The Wedge-Tailed Sabrewing (Campylopterus curvipennis) is a species of hummingbird in the Trochilidae family. It is found in Belize, Guatemala, Honduras, and Mexico. Its natural habitats are subtropical or tropical moist lowland forests and heavily degraded former forest.
There are three recognized subspecies of the Sabrewing which have completely separate ranges and may be distinct species. C. c. curvipennis occurs closest to the U.S. border and has a slightly longer bill than C. c. pampa, which occurs in the Yucatán Peninsula and is sometimes split into the genus Pampa. Some sources give C. c. excellens as a subspecies but this species is now known as C. excellens, the Long-tailed Sabrewing.
The Wedge-tailed Sabrewing is a large hummingbird with a long wedge-shaped tail. Upperparts are green with blue to violet-blue crown that blends into the green nape. It has a white spot behind its eyes and a dark gray cheek. Underparts are pale gray to whitish, often slightly darker laterally. The bill is long and ranges from straight to slightly decurved, and the lower mandible is pinkish at base. The adult male is slightly larger than the female, but other than that sexes are similar. Juveniles are similar to adults but duller in coloring.
Distribution and habitat
The Wedge-tailed Sabrewing resides in humid tropical forests, woodlands, and dense second growth, ranging from near sea level to 4500 feet above sea level. It is not known to migrate, ranging from within 250 miles of the U.S. border in southern Tamaulipas to northern Oaxaca. It is unrecorded north of Mexico.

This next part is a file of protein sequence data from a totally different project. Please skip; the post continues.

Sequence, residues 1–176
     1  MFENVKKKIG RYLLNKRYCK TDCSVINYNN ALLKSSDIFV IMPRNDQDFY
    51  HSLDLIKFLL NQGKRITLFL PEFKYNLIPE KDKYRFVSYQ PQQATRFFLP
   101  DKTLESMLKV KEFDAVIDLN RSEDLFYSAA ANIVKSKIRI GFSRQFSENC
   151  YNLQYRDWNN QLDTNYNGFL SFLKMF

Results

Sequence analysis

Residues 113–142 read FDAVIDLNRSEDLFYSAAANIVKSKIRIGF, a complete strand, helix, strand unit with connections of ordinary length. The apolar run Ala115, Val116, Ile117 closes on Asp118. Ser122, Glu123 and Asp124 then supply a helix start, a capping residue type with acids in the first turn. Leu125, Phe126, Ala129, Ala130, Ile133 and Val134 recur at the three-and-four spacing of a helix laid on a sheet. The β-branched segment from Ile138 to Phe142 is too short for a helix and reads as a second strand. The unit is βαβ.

The Wedge-tailed Sabrewing often forages along walls of vegetation at forest edges and on steep slopes. Its flight style varies from the rapid wingbeats of typical hummingbirds to slower wingbeats like those of swifts. It is bold and curious, and often approaches humans. It breeds from March to July, and its nest is a well-camouflaged cup attached to a horizontal branch.
Calls include steady, persistent chipping and a shrill, nasal peek. The Wedge-tailed Sabrewing usually sings from dense vegetation, and its songs are complex and variable, usually including insect-like chips, squeaks, and squeals, followed by a series of excited warbled or gurgling notes. Males sing year-round, sometimes in small groups. Some tail or wing movements are associated with perched singing displays.